Trapped in the studio during a major blizzard during the winter of 2005, Bleu and his band did what came naturally: they recorded an album. You can hear the cabin fever in the urgent beat packaged in the slick guitar-driven pop that is Bleu’s trademark.
Suckerpunched, Watershed (from the Idol Records release Three Chords and a Cloud of Dust 2)
In the self-styled tradition of Kiss Alive 2, Cheap Trick’s Live at Budakon 2 and Frampton Comes Alive 2 comes Watershed’s latest live release. Recorded live in the band’s hometown of Columbus Ohio, Watershed delivers a raucous set of arena rock in the Bon Jovi tradition, or least until Bon Jovi went country. The show opens with a classic tale of love lost, “What a knock-out, I didn’t even know that we were fighting, you tell me that we’re breaking up, I’m blindsided oh I feel like I’ve been sucker-punched.”
See the World, Gomez (from the Nettwerk release House M.D. Original Television Soundtrack)
Another from the House soundtrack. I’ve never fully appreciated these pop masters although I can’t say that I’ve really sought out their music. I’ll be rectifying that now. This is a delightful and uplifting melody that is the perfect antidote for House’s gruff personality.
Love’s Long Sleep, Mike Viola (Candy Butchers) (from the long lost 1996 release Candy Butchers)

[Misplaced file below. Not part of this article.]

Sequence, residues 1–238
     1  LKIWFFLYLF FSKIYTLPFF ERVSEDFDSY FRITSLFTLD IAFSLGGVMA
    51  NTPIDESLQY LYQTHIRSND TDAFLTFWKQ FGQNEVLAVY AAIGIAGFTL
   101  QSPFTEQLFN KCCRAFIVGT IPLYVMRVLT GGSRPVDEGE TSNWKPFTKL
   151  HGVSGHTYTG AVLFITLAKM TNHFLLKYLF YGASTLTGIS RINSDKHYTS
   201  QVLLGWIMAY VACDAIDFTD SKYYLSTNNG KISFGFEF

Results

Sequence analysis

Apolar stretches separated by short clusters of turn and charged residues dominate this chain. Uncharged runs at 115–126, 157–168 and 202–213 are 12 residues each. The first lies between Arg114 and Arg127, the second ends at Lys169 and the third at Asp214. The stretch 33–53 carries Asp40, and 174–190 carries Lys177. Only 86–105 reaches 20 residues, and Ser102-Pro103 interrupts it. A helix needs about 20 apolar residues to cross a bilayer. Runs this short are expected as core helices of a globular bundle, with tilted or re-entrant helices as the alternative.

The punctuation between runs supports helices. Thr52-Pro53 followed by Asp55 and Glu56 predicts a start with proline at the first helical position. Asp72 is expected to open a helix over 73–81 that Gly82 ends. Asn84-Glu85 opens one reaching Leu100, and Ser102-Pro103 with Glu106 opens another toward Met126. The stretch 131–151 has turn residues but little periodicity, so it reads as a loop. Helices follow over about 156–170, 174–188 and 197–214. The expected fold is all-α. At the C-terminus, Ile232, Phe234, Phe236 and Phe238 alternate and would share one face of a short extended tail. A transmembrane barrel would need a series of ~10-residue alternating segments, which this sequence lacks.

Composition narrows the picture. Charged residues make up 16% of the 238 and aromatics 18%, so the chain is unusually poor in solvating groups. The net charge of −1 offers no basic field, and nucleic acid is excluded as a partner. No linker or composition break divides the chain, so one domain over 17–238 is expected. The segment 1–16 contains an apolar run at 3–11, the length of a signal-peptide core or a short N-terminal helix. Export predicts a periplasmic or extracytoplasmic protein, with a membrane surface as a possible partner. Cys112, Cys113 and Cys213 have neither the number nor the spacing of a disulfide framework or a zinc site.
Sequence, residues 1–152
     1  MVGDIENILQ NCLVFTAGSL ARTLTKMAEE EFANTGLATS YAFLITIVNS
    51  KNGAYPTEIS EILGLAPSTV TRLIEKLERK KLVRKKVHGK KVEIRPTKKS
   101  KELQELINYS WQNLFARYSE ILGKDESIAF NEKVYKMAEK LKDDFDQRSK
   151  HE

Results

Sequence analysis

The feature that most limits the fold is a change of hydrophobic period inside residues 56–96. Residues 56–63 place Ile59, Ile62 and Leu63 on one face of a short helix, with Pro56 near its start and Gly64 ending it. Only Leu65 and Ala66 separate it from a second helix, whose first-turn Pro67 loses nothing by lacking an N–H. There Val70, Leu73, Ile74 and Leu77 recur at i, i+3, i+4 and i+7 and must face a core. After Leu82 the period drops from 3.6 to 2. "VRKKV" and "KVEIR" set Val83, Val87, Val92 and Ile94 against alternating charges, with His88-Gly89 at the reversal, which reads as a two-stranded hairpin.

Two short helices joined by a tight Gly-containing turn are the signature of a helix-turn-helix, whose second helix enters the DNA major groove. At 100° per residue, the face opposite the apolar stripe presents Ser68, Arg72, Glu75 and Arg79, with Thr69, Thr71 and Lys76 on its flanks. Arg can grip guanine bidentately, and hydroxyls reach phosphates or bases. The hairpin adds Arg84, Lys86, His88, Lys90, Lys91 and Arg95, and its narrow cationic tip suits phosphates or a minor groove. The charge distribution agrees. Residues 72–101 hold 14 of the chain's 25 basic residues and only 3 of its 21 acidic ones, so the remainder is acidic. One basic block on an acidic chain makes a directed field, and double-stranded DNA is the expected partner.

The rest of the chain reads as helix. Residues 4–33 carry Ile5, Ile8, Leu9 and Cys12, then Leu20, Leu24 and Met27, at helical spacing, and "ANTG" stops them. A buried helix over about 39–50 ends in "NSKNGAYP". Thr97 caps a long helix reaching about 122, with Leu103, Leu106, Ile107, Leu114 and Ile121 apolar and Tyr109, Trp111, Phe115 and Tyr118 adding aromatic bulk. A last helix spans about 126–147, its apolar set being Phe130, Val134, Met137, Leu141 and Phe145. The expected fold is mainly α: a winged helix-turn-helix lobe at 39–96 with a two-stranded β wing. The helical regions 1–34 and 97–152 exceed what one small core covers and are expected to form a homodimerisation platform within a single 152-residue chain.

“Let’s talk like lovers, kiss like porno, he is not the man for you, you’d be so much better off without him.”
From the Archives
Three Minute Marriage Proposal, The Gentlemen (from the 2005 release Brass City Band)
A recent live performance reminded me how incredible the Gentlemen are. There shows are something extraordinary, tremendous rock blow-outs that mix equal parts AC/DC and the Rolling Stones. Equally impressive, their studio recordings stand up solidly on their own while hinting at their powerhouse live sets. This song is a gem, a raging rocker with a touch of soul groove that chronicles a guy’s ambivalent proposal to get married in Memphis by the legendary Reverend Al Green, “’cause I’m just as scared as you, probably more, believe that its true, unless you got something better to do then just say I do.”
About the author: Mild-mannered corporate executive by day, excitable Twangville denizen by night.